There's going to be a Celebration with The Dead and Olympia Dukakis in the American Conservatory Theatre's season 2001-2002. The San Francisco venue will stage Harold Pinter's Celebration, hot on the heels of its New York premiere in July, as well as the Tony Award-winning musical James Joyce's The Dead and Constance Congdon's stage adaptation of Maxim Gorky's The Mother starring Olympia Dukakis.
Celebration, appopriately, kicks off the season in a double bill with Pinter's first play, The Room, Sept. 13-Oct. 14. Celebration is a satire on modern nouveau riche Londoners, who stab each other in back at a high class restaurant, while The Room finds several mysterious strangers bidding for the same room. ACT artistic director Carey Perloff directs the one-acts, first presented together by the Almeida Theatre in 1999. The same double bill, albeit in a British production directed by Pinter himself, will be presented in New York City's Lincoln Center Festival 2001 July 24-28.
Richard Nelson, whose Goodnight Children Everywhere recently ended its run at ACT, returns to direct his James Joyce's The Dead for which the playwright received a 1999 Tony Award for best book. The musical play, with music and lyrics based on Irish folk tunes by Nelson and Shaun Davey, is adapted from Joyce's "The Dead," his most famous tale from "The Dubliners." The Dead, set at Christmas time when an old song brings the memory of a dead lover back to Gabriel Morkan's wife, a memory that haunts him instead, runs Oct. 25-Nov. 25.
Academy Award winner Dukakis ("Moonstruck") takes the title role in The Mother, adapted from Vassa Zheleznova by Congdon (Tales of the Lost Formicans). Set in a time of economic woe, the determined Vassa will do whatever she has to to keep her business and her family even as her husband is dying. That includes infanticide, forgery, murder and blackmail in this satire by Gorky ("The Diary of a Madman"). Perloff directs the comedy running May 9, 2002-June 9, 2002.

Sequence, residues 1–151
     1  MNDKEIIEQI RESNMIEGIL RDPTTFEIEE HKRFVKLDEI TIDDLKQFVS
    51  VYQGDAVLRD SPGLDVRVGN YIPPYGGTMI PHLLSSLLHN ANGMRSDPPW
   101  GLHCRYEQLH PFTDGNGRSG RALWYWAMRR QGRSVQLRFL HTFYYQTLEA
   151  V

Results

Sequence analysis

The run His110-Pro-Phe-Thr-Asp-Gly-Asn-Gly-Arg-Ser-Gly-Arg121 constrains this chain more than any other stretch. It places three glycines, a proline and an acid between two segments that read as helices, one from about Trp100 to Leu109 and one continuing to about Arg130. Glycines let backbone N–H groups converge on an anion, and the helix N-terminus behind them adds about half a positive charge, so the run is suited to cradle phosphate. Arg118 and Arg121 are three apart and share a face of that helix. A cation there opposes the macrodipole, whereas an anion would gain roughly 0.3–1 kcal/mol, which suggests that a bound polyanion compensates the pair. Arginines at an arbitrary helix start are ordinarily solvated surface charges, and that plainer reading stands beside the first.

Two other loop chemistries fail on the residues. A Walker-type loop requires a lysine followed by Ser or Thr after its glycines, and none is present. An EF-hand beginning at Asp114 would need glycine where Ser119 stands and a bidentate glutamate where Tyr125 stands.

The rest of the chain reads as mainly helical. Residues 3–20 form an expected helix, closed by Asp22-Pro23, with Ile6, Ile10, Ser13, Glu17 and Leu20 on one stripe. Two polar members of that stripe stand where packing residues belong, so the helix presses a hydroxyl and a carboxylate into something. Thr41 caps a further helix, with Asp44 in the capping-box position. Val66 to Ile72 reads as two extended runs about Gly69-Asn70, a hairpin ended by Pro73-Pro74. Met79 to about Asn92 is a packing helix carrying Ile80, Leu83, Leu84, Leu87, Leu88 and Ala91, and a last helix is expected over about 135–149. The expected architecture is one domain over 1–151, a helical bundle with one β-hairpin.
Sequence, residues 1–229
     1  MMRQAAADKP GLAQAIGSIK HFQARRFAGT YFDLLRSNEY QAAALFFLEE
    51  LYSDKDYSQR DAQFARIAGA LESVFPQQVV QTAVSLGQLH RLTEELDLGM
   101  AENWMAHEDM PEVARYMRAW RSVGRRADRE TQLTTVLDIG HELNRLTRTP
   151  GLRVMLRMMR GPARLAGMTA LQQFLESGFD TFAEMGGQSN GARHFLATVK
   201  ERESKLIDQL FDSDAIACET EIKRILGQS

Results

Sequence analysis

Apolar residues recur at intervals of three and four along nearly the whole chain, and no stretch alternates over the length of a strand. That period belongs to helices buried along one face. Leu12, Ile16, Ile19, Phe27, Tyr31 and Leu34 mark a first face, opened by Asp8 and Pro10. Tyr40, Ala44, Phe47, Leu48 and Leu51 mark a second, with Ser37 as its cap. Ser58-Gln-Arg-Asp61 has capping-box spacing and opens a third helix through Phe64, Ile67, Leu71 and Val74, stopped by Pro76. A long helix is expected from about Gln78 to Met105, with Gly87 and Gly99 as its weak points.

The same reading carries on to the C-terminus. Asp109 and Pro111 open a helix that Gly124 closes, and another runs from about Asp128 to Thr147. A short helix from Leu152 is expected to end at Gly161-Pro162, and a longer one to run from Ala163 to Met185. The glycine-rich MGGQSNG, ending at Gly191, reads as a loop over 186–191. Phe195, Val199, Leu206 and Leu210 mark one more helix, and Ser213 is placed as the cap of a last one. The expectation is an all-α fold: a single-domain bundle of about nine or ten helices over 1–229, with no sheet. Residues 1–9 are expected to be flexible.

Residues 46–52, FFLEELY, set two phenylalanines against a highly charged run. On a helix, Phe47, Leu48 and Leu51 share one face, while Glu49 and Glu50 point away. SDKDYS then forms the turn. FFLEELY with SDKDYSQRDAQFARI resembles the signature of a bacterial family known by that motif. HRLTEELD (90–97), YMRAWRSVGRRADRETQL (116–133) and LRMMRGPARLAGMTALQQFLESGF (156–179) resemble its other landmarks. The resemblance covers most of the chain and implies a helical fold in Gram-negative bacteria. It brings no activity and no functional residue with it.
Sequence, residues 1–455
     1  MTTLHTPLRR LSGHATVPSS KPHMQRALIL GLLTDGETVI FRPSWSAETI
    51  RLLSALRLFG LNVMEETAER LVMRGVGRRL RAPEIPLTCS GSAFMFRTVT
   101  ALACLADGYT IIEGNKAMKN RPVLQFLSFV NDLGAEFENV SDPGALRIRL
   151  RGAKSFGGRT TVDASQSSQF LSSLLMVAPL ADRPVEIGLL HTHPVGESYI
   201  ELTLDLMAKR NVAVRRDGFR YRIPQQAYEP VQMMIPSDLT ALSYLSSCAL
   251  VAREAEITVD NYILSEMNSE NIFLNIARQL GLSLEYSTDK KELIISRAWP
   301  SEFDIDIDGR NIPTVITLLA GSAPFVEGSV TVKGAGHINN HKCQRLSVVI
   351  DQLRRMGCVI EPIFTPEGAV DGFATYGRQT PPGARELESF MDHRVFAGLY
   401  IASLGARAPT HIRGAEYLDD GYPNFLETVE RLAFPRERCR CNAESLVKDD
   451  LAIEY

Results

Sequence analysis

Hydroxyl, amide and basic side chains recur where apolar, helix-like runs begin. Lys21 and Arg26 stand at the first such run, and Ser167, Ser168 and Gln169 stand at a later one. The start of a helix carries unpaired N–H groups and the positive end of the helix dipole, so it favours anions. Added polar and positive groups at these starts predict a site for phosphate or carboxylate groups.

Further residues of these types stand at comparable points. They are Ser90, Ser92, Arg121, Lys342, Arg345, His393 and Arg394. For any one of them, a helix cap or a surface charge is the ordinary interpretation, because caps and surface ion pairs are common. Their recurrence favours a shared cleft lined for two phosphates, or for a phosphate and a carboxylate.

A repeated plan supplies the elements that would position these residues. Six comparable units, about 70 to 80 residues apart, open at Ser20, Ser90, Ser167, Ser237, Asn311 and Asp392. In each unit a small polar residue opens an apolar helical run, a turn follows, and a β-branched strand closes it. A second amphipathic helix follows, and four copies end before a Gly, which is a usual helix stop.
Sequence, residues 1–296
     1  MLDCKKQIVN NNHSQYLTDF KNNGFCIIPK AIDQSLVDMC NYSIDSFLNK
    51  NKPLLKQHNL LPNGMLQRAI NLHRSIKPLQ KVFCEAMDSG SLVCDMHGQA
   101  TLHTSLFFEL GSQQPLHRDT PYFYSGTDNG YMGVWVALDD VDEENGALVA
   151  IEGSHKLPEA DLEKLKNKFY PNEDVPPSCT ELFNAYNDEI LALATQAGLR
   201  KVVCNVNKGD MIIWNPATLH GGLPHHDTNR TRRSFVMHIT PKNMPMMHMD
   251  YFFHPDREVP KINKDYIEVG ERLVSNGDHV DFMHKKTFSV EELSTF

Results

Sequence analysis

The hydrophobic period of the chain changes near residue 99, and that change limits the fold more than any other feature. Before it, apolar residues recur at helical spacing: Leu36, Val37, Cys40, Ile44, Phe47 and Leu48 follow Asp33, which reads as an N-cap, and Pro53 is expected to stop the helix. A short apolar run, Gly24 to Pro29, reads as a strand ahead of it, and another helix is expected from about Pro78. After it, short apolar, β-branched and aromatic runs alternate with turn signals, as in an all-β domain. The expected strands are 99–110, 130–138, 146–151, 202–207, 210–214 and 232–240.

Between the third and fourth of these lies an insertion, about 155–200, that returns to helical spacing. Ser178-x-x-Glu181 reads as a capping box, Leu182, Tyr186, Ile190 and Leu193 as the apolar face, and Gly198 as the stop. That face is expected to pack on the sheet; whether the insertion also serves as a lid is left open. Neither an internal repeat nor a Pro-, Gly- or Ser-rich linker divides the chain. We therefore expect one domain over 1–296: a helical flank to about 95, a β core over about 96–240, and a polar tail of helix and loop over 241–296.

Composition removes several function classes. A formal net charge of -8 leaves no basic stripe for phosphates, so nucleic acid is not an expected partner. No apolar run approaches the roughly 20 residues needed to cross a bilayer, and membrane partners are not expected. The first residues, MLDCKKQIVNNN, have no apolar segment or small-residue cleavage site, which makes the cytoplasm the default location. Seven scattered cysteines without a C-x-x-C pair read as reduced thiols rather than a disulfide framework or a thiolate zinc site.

Also in the ACT season are: • Amy Freed's biographical comedy concerning Shakespeare's authorship of his plays, The Beard of Avon, directed by Mark Rucker and running Jan. 10-Feb. 10, 2002
• Tennessee Williams' classic drama The Glass Menagerie, directed by Laird Williamson (Machinal, Long Days' Journey Into Night) and running March 29-April 28, 2002
• Buried Child, Sam Shepard's Pulitzer Prize-winning drama about a farm family with a secret buried in the back yard, directed by Les Waters (2000's hit Glengarry Glen Ross) and running June 14-July 14, 2002
• A Charles Randolph-Wright project, pairing the director of Insurrection: Holding History and Tartuffe with a new play, running Feb. 21-March 24
The American Conservatory Theatre will also host two extra shows - the traditional holiday staging of A Christmas Carol and a brief run of Spalding Gray's Swimming to Cambodia. Laird Williamson and Dennis Powers adapted Charles Dicken's famous tale of Ebenezer Scrooge and the true meaning of Christmas for its Dec. 8-29 run. Cambodia, written and performed by Gray, will play Dec. 26-31.
American Conservatory Theatre is located at 415 Geary Street. For ticket information, call (415) 749-2250. American Conservatory Theatre is on the web at http://www.act-sfbay.org.